The Rockwood City Council passed their proposed new fiscal year budget this week on first reading. So far, there is no proposed tax increase for property owners in Rockwood this year. Department heads were asked to present their respective budgets without any new requests at this time. A second reading will take place at June 22, 2020.
Highlights of the budget include:
- Reappraisal Year- The City of Rockwood prepared their budget based on last year’s property tax rate. Following the county’s official notice of reappraisal, the city’s tax rate will be set. This rate will be set some time before tax notices are mailed out in the fall.
- COVID Concerns caused the lowering of some revenues.
- The city has no new capital projects in the new budget. The only capital projects in general fund are two that have not yet been completed- additional paving & complex sealing.
- No raises were placed in budget because of the COVID-19 shortfall concerns. Bonuses have been removed for now, until the city see how revenues continue over the next few months.
- Debt payments for LED lighting and improvements to city buildings etc. have increased but energy savings will help pay the debt.
- The city had $132,000 energy savings from last year designated for debt service. They are adding over 40,000 in savings to the amount this year.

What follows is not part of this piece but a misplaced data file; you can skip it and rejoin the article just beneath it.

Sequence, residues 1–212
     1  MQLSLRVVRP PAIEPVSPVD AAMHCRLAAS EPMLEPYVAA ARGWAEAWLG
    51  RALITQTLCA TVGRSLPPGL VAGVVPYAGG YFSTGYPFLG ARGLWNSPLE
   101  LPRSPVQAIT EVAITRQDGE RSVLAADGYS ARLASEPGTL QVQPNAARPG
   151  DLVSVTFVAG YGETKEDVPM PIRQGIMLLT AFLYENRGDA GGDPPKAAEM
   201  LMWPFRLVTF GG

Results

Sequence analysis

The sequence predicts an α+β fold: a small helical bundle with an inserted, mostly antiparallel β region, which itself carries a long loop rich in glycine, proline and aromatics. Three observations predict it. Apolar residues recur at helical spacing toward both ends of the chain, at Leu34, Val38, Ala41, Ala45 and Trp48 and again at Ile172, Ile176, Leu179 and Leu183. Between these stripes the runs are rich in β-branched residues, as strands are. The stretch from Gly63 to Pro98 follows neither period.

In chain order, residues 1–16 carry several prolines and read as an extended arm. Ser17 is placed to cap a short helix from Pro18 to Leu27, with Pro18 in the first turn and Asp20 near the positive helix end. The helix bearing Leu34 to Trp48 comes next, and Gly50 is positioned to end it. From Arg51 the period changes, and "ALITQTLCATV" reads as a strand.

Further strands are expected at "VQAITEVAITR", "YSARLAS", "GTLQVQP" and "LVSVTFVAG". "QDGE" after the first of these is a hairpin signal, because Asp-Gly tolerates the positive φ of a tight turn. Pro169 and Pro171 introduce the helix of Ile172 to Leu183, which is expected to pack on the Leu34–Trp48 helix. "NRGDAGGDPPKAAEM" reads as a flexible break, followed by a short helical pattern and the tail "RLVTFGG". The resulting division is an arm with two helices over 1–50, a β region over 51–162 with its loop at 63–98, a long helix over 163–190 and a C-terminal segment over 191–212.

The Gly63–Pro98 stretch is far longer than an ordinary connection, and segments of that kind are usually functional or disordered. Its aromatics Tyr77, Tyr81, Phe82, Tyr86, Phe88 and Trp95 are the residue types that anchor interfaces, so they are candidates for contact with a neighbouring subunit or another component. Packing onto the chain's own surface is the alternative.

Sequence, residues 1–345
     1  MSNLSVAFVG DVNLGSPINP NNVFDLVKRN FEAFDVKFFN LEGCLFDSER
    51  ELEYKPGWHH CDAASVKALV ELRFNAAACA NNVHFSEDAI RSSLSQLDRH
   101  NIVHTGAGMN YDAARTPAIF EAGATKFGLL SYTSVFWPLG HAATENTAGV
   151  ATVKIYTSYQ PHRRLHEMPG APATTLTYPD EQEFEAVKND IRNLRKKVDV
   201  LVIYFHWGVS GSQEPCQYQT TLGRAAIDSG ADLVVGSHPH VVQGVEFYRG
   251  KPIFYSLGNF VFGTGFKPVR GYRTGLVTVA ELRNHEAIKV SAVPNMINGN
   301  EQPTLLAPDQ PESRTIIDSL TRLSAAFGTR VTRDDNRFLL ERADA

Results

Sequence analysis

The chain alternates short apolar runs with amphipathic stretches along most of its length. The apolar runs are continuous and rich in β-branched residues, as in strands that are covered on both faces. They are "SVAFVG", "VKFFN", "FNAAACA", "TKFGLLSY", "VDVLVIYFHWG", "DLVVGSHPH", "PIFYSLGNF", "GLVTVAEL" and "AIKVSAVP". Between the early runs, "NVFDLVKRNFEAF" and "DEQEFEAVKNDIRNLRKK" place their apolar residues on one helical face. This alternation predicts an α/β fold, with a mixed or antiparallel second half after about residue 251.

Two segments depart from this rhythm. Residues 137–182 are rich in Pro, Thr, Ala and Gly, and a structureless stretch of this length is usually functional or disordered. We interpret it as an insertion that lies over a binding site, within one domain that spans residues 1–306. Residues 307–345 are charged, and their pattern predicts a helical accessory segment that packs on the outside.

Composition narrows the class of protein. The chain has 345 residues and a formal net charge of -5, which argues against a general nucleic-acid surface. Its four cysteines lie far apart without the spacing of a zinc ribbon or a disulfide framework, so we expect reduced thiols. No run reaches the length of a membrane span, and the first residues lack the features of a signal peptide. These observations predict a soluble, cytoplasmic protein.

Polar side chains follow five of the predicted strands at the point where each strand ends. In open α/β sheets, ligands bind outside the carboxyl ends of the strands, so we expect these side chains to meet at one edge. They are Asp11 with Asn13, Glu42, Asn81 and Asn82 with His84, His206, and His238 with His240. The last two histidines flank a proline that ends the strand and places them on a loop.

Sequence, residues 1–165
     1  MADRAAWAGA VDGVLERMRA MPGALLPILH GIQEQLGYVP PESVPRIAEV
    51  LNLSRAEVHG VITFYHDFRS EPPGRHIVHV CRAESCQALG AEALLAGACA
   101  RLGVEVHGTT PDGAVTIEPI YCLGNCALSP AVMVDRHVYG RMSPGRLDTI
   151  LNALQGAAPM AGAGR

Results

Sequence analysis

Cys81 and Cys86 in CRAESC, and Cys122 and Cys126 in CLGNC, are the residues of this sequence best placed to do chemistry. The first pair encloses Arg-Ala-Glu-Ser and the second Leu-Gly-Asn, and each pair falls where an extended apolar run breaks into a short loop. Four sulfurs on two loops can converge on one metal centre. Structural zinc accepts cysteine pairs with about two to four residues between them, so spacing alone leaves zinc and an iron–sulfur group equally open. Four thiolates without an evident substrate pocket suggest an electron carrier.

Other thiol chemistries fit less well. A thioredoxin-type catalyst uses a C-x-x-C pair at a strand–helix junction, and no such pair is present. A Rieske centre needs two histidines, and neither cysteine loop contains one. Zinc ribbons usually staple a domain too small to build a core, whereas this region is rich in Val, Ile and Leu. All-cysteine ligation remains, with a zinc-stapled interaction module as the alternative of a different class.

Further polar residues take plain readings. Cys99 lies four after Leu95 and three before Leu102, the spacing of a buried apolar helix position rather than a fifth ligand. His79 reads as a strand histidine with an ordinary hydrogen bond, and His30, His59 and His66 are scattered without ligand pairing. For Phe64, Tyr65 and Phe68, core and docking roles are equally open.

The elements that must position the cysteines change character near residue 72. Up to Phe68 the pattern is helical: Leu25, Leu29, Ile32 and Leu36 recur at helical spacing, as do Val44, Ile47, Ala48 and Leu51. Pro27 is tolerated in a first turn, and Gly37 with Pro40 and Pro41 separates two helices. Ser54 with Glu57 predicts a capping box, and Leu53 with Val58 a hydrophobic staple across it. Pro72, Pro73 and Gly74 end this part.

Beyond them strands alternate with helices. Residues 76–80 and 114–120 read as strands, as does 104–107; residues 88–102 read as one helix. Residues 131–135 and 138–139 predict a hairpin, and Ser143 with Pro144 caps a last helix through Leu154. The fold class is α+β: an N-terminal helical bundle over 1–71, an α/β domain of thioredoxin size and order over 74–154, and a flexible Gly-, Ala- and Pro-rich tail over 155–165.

- Expecting up to 10% increase in Health insurance
- Naming Eric Everhart to new golf manager.
- Naming Duke Spradling as the new airport manager.
- Airport Expenditures have increased, but revenues are expected to increase enough to cover. Airport is doing exceptionally well. Fuel sales are increasing every day and all hangars are full.
Other Funds- Notes
- State Street State Supplement Revenue – Lowered because of COVID-19 concerns and lower gas prices, bringing in less revenue. Expenditures were lowered to match the decrease.
Rockwood Mayor Mike Miller’s quotes regarding the budget:
“It’s a very conservative budget. We made cuts that hopefully addresses COVID- 19 concerns. We know the State of Tennessee is going to have a huge shortfall, which will affect cities and counties in the end. We feel like this is a safe budget, with all that is going on.”
“The sad part is that this is the first time I can ever remember we were unable to give our employees a raise or a bonus. We had many fortunate years where we were able to do both. There is just no way we can commit to that right now, until we see how this pandemic plays out. It’s no one’s fault except the pandemic.”
“The council and I are looking at some other options of things we may be able to do for them. I want to thank this council for their support of this budget. I am fortunate to be able to work with all of them to make our city a better place. I’d also like to thank all the city employees who work with us in our efforts.”